The researchers’ work shows that most variables associated with the prevalence of antimicrobial resistance in one country are related to sanitary conditions in the country and the general state of health of the population. “In the fight against antimicrobial resistance, our findings indicate that it would be a very effective strategy for coordinated efforts to improve sanitary conditions in countries with high levels of antimicrobial resistance,” Professor Frank Aarestrup of the National Food Institute and Head of the Study says.



Sewage samples collected in Sakasaka, Tamale, Northern Region, Ghana. Credit: Courage Kosi Setsoafia Saba, University of Development Studies, Ghana.

With the same data from the World Bank, researchers also predicted the levels of antimicrobial resistance in 259 countries / territories and have developed a world map of resistance in healthy populations. According to their estimates, the Netherlands, New Zealand and Sweden have the lowest levels of resistance, while Tanzania, Vietnam and Nigeria have the highest levels. According to estimates, Denmark has the sixth lowest level of antimicrobial resistance.

Reusable Data

In contrast to data from traditional assay methods, raw data from metagenomic studies can be reused to investigate other problems. The researchers from the sewage project use data from the survey to analyze the presence of other pathogenic microorganisms in the wastewater.

When more resistance gene occurs in the future, the researchers will also be able to analyze publicly available raw material data from metagenomic studies to quickly detect how these genes have emerged and spread.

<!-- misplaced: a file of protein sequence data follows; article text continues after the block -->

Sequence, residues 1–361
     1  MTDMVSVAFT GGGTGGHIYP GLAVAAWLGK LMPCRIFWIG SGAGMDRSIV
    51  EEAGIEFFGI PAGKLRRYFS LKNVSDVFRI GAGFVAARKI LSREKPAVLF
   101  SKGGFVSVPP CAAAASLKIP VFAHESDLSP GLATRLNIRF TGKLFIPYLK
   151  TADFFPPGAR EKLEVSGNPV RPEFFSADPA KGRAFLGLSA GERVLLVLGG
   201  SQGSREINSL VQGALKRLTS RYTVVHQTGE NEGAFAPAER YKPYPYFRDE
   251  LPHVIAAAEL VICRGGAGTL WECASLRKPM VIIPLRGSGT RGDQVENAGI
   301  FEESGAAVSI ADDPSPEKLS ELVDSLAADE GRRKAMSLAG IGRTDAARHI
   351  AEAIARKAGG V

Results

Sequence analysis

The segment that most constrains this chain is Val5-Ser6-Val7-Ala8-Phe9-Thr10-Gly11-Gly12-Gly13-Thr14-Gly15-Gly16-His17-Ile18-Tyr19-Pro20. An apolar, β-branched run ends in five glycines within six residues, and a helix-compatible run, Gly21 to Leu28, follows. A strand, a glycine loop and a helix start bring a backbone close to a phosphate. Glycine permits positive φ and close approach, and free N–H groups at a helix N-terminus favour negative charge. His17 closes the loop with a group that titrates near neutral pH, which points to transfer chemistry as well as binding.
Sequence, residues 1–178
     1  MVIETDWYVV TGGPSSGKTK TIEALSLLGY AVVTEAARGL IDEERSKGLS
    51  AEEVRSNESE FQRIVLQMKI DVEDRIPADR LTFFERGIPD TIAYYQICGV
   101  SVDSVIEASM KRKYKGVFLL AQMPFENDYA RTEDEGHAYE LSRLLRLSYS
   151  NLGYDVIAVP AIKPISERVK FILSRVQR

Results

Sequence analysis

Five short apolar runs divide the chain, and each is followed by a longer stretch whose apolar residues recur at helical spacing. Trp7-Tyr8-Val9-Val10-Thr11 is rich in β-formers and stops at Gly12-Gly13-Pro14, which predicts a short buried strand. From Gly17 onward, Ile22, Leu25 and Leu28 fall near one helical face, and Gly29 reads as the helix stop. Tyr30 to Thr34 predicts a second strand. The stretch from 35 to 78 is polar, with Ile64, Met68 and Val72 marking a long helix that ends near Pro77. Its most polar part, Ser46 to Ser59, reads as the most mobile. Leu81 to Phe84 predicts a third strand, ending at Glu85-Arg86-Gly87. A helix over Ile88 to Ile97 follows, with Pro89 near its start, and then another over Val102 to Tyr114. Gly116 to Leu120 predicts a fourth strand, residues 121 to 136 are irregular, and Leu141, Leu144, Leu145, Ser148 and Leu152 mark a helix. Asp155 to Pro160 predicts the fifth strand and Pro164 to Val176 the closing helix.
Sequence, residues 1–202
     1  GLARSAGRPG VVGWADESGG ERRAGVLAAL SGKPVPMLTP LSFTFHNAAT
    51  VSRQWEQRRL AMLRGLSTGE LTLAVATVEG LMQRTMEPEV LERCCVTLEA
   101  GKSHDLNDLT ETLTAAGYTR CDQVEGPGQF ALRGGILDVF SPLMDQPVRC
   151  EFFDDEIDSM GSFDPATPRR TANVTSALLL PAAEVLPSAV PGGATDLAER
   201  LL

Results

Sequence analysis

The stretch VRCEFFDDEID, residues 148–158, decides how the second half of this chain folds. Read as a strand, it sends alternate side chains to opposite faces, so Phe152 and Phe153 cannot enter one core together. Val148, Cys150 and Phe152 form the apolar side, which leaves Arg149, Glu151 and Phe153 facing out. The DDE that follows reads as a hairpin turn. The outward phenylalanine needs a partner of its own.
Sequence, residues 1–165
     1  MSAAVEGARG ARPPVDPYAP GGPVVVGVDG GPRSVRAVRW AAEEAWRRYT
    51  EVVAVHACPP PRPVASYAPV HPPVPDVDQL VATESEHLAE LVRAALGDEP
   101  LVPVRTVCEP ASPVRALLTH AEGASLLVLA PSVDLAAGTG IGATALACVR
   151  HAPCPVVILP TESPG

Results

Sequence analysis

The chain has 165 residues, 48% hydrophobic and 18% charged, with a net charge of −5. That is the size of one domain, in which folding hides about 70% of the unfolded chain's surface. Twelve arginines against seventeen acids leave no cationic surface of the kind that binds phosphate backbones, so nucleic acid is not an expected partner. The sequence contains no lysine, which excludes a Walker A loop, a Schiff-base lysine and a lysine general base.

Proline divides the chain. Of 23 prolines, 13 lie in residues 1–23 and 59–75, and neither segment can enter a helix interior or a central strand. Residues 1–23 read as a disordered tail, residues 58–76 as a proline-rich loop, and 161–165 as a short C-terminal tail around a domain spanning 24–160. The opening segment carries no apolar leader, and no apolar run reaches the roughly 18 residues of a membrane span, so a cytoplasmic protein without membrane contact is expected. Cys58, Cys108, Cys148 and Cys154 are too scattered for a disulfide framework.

A step closer to a global monitoring system

The researchers will use the experience of the project to fulfill their overall ambition to develop a worldwide monitoring system that can continuously monitor the occurrence and spread of disease-causing microorganisms and antimicrobial resistance.

“Analysis of wastewater can quickly and relatively cheaply show exactly which bacteria present in an area and collect and analyze sewage t require ethical approval, since the material cannot be traced back to individuals. Both parameters contribute to creating a monitoring system we a sewage is a viable alternative – even in developing countries, says Professor Frank Aarestrup.

The researchers’ ambition is to develop a system that makes it possible to exchange and interpret information in real time, as such it would be possible to use the global monitoring data, .ex managing diseases that threaten to spread beyond the borders of the country and develop into pandemics such as Ebola, measles, polio or cholera.

The study is published in Nature Communications entitled “Global Monitoring of Antimicrobial Resistance based on metagenomic analyzes of urban waste water. “


Explore further:
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More information:
Nature Communications (2019). DOI: 10, 1038 / 41467-019-08853-3

Journal reference:
nature Communications

Provided by:
Technical University of Denmark